Richard Pipes

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Richard Pipes, according to his Benador Associates' biography, has been a "Professor of History at Harvard University for over 40 years, [and] is one of the world's leading authorities on Soviet, Russian and Caucasian history. His expertise has led governments, organizations, and publications to seek out his advice.

"In addition to being a senior professor at Harvard, Richard Pipes has served as Director of Harvard's Russian Reasearch Center (1968-73), as an expert for the Russian Constitutional Court (1992), as Director of the National Security Council's East European and Soviet Affairs team (1981-82), as a member of the State Department's Reagan Transition Team (1980), and as Chairman of the CIA's "Team B" to Review Strategic Intelligence Estimates (1976). He is a member of the Council on Foreign Relations.

"Mr. Pipes is a member of the editorial boards of Strategic Review, Orbis, International Journal of Intelligence and CounterIntelligence, Continuity, Journal of Strategic Studies, East European Jewish Affairs, and Nuova Storia Contemporanea..

"Richard Pipes is the author of 18 published books, the most recent being Communism: A Brief History (2001, Random House), Land-tenure in Pre-Roman Antiquity and its Political Consequences (2001, Coambridge, Mass.), Prosperity & Freedom (1999, Alfred A. Knopf), and Three 'Whys' of the Russian Revolution (1996, Random House of Canada). His books have been published in 12 languages. Mr Pipes has also edited 6 books."

Further information

[ Source: Right-Web]

Richard Pipes, a Russian historian at Harvard University, was a key anti-Soviet crusader in the 1970s and 1980s. He served as a consultant to Sen. Henry "Scoop" Jackson (aka "the senator from Boeing") in the early 1970s, was a member of the Committee on the Present Danger, and chaired the Team B Strategic Objectives Panel, a controversial effort in the mid-1970s to reinterpret CIA intelligence on the Soviet threat.
Although no longer a key rightwing player, Richard has successfully passed his hardline mantle on to his son, Daniel Pipes, a controversial neocon commentator on Middle East affairs. In 2003, when George W. Bush chose Daniel to serve on the board of the U.S. Institute of Peace, the ensuing barrage of criticism prompted the president to bypass Congress and make Pipes a recess appointment to the institute.
In her book Killing Détente: The Right Attacks the CIA (1998), Anne Cahn writes: "The man finally selected to serve as chairman of the Team B Strategic Objectives Panel was Richard Pipes, a Polish immigrant and professor of Russian history at Harvard University. Pipes had consistently labeled the Soviets an aggressive imperialistic power bent on world domination. He had been 'discovered' by Richard Perle, who convinced his boss, Senator Henry Jackson, to hire Pipes as a consultant." (5)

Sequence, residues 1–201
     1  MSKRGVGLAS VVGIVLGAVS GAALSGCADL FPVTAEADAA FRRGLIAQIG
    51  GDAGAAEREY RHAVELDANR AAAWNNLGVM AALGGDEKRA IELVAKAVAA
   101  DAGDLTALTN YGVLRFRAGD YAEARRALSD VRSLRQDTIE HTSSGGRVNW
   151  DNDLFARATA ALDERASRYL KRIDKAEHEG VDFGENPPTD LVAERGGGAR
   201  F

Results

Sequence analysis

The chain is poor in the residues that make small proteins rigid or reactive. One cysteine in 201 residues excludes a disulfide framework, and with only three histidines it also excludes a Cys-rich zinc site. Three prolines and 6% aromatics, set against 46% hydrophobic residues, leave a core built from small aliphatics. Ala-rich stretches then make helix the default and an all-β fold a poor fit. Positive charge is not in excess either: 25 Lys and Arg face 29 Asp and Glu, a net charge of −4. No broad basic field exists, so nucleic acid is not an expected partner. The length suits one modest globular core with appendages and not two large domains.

Pipes also played an instrumental role in selecting other Team B participants, including Paul Wolfowitz. In an interview with Cahn, Pipes said, "I picked Paul Wolfowitz [who at the time was working as special assistant for the Strategic Arms Limitation Talks, or SALT] because Richard Perle recommended him so highly."
As part of the Team B exercise, Pipes and his esteemed team of outside experts--which also included William Van Cleave (and counted on the support of John S. Foster and Donald Rumsfeld in oppostion to realpolitikers like Henry Kissinger, who saw the exercise as being hazardous to U.S.-Russian relations (7))--were charged by then-CIA head George H.W. Bush with assessing National Intelligence Estimates regarding Soviet strategic capabilities and intentions. Although the purported purpose of the exercise was to come up with an unbiased analysis of the Soviet threat, according to Cahn "the Team B experiment was concocted by conservative cold warriors determined to bury détente and the SALT process. Panel members were all hard-liners. The experiment was leaked to the press in an unsuccessful attempt at an 'October surprise.' But most important, the Team B reports became the intellectual foundation of 'the window of vulnerability' and of the massive arms buildup that began toward the end of the Carter administration and accelerated under President Reagan." (6)
Pipes is the author of several books, including The Russian Revolution, Russia Under the Bolshevik Regime, and Property and Freedom. In 1992, Pipes served as an expert witness in the Russian Constitutional Court's trial against the Communist Party.

His son is Daniel Pipes, the extreme right-wing Zionist.

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  1. Principals, National Committee on American Foreign Policy, accessed September 13, 2007.